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Remember to watch your step. Now, to the news:
What’s better than two new Cape Cod bridges? Apparently, just one (at least, initially). Gov. Maura Healey is switching up the strategy for replacing the two 88-year-old spans over the Cape Cod Canal, prioritizing the new Sagamore Bridge first (that’s the one that links up with Route 3) and finishing the Bourne Bridge later. Given the size and cost of the project, Healey’s office says the phased approach is a better bet than replacing both bridges at the same time, amid struggles to score crucial federal funding.
- The timeline: If all goes well — always a big if! — Healey’s office hopes to begin work on the new Sagamore bridge in 2028. Construction is expected to take until 2035 or 2036 to finish.
- As for the Bourne: Healey’s office says they’re still seeking funds for the Bourne Bridge. In the interim, they’ll move forward with the permitting and design of both bridges. A Healey spokesperson said work on the Bourne replacement could start as soon as 2029.
- Why are they prioritizing the Sagamore? Healey’s office says the Sagamore currently sees more traffic and crashes. The bridge also brings drivers directly onto Route 6, which the state says is vital for the Cape’s economic viability.
- What Healey’s saying: The two bridges were a major focus of Healey’s trips to Washington, D.C., this past winter, after the feds rejected two massive grant applications to help cover the costs of the project. “Last year, we pursued an application that was dead on arrival,” she told The Boston Globe, which first reported the new focus Monday. “We didn’t want to repeat the same practice.”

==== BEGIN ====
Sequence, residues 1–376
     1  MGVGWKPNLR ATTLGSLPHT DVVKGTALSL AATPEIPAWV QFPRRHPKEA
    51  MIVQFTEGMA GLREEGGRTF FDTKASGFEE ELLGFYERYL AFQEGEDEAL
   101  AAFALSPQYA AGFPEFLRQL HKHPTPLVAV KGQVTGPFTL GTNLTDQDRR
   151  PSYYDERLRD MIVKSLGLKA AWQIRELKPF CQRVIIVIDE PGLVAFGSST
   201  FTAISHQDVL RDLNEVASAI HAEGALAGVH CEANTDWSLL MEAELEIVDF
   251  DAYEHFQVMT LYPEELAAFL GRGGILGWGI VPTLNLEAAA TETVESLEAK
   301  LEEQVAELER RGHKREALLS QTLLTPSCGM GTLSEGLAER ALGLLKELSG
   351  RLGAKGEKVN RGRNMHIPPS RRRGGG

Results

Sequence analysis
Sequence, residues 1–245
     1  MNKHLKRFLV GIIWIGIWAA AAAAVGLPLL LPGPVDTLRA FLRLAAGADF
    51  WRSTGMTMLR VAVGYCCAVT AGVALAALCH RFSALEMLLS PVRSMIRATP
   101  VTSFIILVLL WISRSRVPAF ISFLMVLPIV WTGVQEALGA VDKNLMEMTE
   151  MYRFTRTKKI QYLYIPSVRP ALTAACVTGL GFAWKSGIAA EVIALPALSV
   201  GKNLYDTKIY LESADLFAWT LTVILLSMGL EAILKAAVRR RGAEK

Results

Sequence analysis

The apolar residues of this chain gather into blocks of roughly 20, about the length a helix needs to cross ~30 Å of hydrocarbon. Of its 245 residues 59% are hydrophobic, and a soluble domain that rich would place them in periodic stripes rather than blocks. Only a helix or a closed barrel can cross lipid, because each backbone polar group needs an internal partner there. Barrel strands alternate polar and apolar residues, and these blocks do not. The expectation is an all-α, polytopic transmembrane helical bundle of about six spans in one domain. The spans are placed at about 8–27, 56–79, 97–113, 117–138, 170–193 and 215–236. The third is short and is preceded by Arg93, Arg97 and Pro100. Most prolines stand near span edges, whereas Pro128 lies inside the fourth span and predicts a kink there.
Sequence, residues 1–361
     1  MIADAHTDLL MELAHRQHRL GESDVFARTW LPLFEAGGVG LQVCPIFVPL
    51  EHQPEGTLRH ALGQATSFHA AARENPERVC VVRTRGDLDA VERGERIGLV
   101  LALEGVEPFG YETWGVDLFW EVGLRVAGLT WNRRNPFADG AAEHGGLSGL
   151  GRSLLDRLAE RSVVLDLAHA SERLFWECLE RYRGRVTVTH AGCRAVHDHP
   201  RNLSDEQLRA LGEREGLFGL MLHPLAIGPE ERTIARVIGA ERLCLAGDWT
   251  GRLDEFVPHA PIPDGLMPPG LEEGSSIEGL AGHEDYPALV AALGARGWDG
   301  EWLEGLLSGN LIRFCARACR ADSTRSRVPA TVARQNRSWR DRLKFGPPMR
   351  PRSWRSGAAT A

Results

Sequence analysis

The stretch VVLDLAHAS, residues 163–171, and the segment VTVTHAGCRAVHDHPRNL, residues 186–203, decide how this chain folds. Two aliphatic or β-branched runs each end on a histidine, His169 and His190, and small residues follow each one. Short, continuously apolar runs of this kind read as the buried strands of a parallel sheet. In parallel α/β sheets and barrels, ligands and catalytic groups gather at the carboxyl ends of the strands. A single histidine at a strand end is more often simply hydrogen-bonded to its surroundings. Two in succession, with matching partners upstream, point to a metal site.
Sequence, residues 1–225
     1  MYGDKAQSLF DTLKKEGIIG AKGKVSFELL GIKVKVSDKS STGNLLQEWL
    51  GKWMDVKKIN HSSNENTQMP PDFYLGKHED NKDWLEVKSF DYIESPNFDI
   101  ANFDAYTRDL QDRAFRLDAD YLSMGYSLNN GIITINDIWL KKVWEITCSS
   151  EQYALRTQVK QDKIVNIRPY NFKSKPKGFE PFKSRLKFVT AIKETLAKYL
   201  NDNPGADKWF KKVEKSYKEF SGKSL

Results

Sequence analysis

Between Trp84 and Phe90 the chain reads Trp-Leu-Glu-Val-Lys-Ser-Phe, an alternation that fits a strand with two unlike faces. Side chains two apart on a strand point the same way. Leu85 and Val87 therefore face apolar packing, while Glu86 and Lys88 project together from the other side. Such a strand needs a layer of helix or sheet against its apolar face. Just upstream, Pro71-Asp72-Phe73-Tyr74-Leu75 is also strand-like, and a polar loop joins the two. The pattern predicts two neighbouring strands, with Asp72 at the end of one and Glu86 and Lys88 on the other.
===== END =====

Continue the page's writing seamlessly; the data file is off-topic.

- Next steps: Within the next week, the state plans to apply for $1.45 billion in federal funds for the Sagamore replacement. (The total cost of replacing both bridges is now pegged at $4.5 billion.) Healey said in a statement the approach will “enable us to get shovels in the ground quickly on the Sagamore Bridge,” while laying “the groundwork for rebuilding the Bourne Bridge.”
Meanwhile on the Cape: Bourne residents on the south side of the canal are being told to boil their water until further notice, after the town found E. coli in their drinking water. That means any water used for drinking, cooking, brushing teeth, washing dishes or any sort of food prep should be boiled at least once before being used.
In other bridge-related news: The Carlton Street Footbridge — which crosses over the Green Line in The Riverway — opened over the weekend for the first time in 46 years following a long, drawn-out political battle. WBUR contributor Alex Ashlock has photos of the restored bridge here.
PSA: An estimated 50,000 people in Massachusetts are newly eligible for low-cost health insurance beginning next year. That’s because a two-year pilot has expanded the state’s ConnectorCare program. The state-subsidized plan is intended for people who don’t have access to affordable health insurance through work, but also are not eligible for MassHealth or Medicare health care.
- Are you eligible? The new pilot raises ConnectorCare income limits from 300% of the federal poverty level to 500%. That means you could make up to $72,900 a year if you’re single — or up to $150,00 a year if you’re part of a family of four.
Calling it a career: David Krejci is retiring from the NHL after a total of 16 seasons with Bruins. The 37-year-old center announced his decision with a lengthy thank you statement posted on the Bruins’ social media accounts.
- What it means: Following their record-setting regular season, the Bruins are now without their top two centers, after captain Patrice Bergeron announced his retirement last month (after 19 seasons in Boston). That puts Weymouth native Charlie Coyle in line to move up to the team’s full-time No. 1 center.
P.S.— It’s official: Dunkin’s new line of spiked iced coffees and iced teas will be available at grocery and liquor stores in 12 states beginning in late August (and yes, that includes Massachusetts). You can read more about the flavors and details here.